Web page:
Hemingway was an ambulance driver in World War I, and World War I was not a good time.
It's hard for most of us to imagine, as we live our relatively comfortable lives, wanting to drive a top heavy gas guzzler through the shell ravaged mud slopes of Europe while explosions rip in the distance and the sound of machine gun fire becomes as familiar as morning sparrows. It's hard to imagine, after hauling the bleeding and dismembered bodies of your countrymen towards a place that only theoretically offers safety, that one would park, off-load cargo, and go back for more.
But when Ernest Hemingway returned from war, when he left the trenches behind him, that's more or less what he did.
Hemingway went into the jungle and hunted blood thirsty animals on safari. Hemingway survived two plane crashes. He did some writing here and there. And Hemingway was really pretty into bull fighting.
As kids, we all remember play bull fighting; holding your coat up while waiting for the school bus, your brother or friend revving back and running into it's imaginary barrier. It was maybe something quirky, something weird, but seemed all together harmless. Maybe that's because kids see through an innocent fog. Maybe that's because they never told us. Or maybe it's because they outlawed the scary part in most of the world... the part where only one of those two combatants, the man and the bull, are making it out of that ring alive.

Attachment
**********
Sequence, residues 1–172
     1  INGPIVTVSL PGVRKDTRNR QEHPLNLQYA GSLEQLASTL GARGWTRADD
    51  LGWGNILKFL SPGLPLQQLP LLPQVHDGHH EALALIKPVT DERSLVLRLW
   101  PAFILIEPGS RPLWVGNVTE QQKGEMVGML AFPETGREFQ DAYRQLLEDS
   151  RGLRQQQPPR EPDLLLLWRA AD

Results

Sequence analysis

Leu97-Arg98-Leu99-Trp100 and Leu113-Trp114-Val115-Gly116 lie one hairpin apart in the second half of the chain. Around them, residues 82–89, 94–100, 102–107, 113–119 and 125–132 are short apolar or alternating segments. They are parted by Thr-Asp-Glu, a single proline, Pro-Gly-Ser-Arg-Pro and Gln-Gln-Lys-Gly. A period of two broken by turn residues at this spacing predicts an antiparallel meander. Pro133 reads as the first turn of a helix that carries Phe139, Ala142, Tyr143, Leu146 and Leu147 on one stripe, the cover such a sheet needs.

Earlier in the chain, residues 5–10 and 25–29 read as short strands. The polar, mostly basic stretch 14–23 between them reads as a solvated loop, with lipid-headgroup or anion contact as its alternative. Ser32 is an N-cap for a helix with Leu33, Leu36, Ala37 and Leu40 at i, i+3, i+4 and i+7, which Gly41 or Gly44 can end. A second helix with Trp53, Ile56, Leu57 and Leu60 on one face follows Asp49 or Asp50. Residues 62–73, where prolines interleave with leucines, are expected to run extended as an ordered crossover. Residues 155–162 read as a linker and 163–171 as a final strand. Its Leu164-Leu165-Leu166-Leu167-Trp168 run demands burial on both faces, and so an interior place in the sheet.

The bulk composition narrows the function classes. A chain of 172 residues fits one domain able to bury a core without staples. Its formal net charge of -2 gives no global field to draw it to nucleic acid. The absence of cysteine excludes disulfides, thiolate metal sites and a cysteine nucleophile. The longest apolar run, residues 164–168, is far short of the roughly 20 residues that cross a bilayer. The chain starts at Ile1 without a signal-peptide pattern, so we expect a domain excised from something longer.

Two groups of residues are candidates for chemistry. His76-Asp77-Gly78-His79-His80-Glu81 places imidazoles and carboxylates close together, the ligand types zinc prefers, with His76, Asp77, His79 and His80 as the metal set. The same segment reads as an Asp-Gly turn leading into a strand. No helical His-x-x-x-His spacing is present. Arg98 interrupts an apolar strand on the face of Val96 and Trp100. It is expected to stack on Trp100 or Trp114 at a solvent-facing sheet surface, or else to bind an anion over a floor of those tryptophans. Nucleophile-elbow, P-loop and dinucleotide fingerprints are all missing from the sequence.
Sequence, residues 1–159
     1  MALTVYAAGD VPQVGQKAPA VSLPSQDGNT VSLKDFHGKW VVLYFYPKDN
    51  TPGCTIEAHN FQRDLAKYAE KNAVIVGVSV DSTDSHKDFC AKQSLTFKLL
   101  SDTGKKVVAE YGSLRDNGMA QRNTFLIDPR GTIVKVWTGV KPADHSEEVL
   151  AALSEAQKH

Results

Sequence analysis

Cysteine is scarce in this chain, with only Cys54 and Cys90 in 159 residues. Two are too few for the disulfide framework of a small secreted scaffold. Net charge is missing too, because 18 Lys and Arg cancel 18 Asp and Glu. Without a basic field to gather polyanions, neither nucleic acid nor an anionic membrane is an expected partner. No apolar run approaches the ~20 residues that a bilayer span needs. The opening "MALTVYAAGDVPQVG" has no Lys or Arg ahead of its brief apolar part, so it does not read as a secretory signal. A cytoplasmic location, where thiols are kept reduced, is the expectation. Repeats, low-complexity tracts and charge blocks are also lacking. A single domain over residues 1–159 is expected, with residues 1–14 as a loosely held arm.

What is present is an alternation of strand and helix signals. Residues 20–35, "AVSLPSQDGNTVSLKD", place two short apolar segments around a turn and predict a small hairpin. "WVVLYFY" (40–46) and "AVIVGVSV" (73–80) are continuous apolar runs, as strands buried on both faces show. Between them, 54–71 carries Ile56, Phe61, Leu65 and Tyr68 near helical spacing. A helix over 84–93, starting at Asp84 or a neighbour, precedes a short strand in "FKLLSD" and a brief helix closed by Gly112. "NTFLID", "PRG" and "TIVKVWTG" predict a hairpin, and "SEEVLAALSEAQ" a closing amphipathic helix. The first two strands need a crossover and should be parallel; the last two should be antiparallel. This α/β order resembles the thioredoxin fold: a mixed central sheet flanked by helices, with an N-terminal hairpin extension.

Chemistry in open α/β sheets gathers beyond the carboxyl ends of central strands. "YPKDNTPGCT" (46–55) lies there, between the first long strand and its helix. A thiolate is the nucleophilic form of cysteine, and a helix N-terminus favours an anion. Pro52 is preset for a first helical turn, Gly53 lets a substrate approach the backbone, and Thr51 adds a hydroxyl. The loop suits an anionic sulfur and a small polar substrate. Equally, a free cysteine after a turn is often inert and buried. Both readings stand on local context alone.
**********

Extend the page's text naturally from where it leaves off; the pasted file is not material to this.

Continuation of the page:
In traditional bull fighting, the matador doesn't just dance around the bull, teaching it a lesson about overconfidence and hubris. The matador uses barbed sticks to pierce the back and neck of the bull, leading to a gradual loss of blood and a gradual increase in fight-or-flight raw fury. The bull pours blood out of it's muscles and skin, fighting for its life against a flurry of bright colors, a thing it'll never understand. The act is raw, gruesome, fearful. They don't play that part out at the bus stop.
So we have to wonder, when a man like Hemingway goes into battle and comes back home, if something came back with him. Something deep and dark and hidden within, that burrowed in like a parasite, and gave him an insatiable hunger for more.
Or, perhaps more compelling, maybe he instead left something behind. Something like a guard... maybe a facade. Something that we all have, we all wear, that we don't even realize we carry until it's stripped away. Until we are exposed from it's absence, our true selves laid bare. The great and horrible equalizer that binds us, man and animal, that's been the engine of survival and procreation on Earth since the dawn of time. Something in all of us. Something that thirsts for blood.
This story is called The Yellow Matador.